Fuji X-T1

Traditional exposure controls combined with a rugged build, SLR-like design and attractive images have made this CSC a popular choice for enthusiast photographers. Find out how it performs in our Fuji X-T1 review…

30 second Fuji X-T1 review…

If you just glanced at the top and front of the Fuji X-T1 you could be forgiven for thinking that it was a film SLR of some age. The collection of dials and pentaprism-esque hump on the top-plate give it a traditional air, but inside it houses an excellent sensor and there’s a high quality LCD screen on the back along with an excellent OLED viewfinder that can show images as they will be captured or ‘au naturale’ like an SLR’s. The traditional controls are well implemented and there’s a first-rate Quick Menu system for making settings adjustments.

The X-T1’s filmic theme extends to the images which have attractive colour, good detail and pleasant mid-tone contrast.

Key features

Camera type CSC
Date announced 28th Jan 2014
Price at launch £1,049.99/$1,299.95 (body only)
Sensor size APS-C (23.6 x 15.6mm)
Effective pixel count 16.3 million
Processor EXR Processor II
Lens/Mount X
Viewfinder 0.5-inch OLED with 2,360,000 dots
Sensitivity range ISO 200-6400 expandable to ISO 100-51,200
Reflex AF system N/A
Live View AF system Hybrid with up to 49 points
Monitor Tilting 3-inch LCD with 1,040,000 dots
Max shooting rate 8fps
Max video resolution Full HD (1920 x 1080)
Storage SD/SDHC/SDXC (UHS-II)
Dimensions 129 x 89.8 x 46.7mm
Weight 440g (body only), 390g with battery and card

The X-T1 was the first of Fuji’s X-series of compact system or mirrorless system cameras to adopt an SLR-like design. Previously the company had opted for a rangefinder style with the X-Pro1, X-E1, X-E2, X-A1 and X-M1. And while models like the X-Pro1 and X-E2 had proved popular, the unveiling of the X-T1 moved things up a gear.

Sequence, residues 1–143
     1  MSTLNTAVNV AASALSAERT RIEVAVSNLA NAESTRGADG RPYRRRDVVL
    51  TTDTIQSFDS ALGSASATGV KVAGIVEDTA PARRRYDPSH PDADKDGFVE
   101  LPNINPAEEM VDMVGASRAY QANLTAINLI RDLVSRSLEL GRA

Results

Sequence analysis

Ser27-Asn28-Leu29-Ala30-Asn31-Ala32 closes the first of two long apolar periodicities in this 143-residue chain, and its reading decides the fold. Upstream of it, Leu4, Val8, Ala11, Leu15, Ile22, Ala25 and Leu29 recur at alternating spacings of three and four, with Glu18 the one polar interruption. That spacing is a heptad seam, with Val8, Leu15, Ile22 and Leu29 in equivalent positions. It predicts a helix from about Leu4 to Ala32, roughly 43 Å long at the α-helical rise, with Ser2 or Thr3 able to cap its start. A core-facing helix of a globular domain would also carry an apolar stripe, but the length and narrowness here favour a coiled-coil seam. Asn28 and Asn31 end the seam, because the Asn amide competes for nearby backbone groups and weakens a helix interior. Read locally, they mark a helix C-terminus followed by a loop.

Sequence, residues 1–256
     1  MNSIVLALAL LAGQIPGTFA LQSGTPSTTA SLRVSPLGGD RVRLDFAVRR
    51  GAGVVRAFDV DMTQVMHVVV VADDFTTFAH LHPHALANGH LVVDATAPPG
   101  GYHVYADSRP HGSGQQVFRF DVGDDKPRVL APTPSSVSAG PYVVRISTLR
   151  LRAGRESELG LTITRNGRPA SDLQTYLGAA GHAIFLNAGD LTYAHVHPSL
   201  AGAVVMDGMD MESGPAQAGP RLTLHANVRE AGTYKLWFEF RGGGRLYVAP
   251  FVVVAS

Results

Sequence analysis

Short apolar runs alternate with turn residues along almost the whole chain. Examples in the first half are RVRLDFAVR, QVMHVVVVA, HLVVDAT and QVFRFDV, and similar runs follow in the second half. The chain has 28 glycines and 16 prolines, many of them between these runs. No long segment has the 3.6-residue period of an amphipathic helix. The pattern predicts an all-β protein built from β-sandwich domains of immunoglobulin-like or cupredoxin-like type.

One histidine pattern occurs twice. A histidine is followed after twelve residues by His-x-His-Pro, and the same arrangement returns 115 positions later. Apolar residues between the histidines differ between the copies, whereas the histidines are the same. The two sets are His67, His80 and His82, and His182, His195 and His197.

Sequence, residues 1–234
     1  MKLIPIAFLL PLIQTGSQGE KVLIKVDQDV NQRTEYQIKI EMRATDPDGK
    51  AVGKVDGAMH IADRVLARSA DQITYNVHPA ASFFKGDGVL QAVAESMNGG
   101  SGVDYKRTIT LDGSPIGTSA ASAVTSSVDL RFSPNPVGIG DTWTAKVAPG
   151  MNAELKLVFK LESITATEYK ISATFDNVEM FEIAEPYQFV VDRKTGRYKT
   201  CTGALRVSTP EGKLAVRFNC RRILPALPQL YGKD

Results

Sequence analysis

Inside the X-T1 is a 16.3 million pixel APS-C format X-Trans CMOS II sensor – that’s the same device as is found in Fuji’s X-E2 and X-E2S. Some of the pixels on this sensor are used for phase detection focusing by the camera’s hybrid (ie phase and contrast detection) focusing system.

The sensor is teamed with Fuji’s EXR Processor and it enables a maximum continuous shooting rate of 8 frames per second for up to 47 Fine quality JPEGs or 23 raw files when a UHS-II SD card is installed. In addition, the standard sensitivity range is ISO 200-6400 but this can be expanded to ISO 100-25,600 provided that you are happy to only record JPEG files at the expansion settings.

Fuji’s Film Simulation modes have proved popular and firmware version 3.0 added a new one to the X-T1, Classic Chrome. This produces muted, earthy colours that work well for a variety of subjects.

Fuji X-T1 Build and handling

The X-T1’s bodyshell is made from cast magnesium alloy which gives it a robust feel. In addition, the body is weatherproof when used with one of Fuji’s growing range of weatherproof (WR) lenses. It’s also designed to continue to function down to -10C.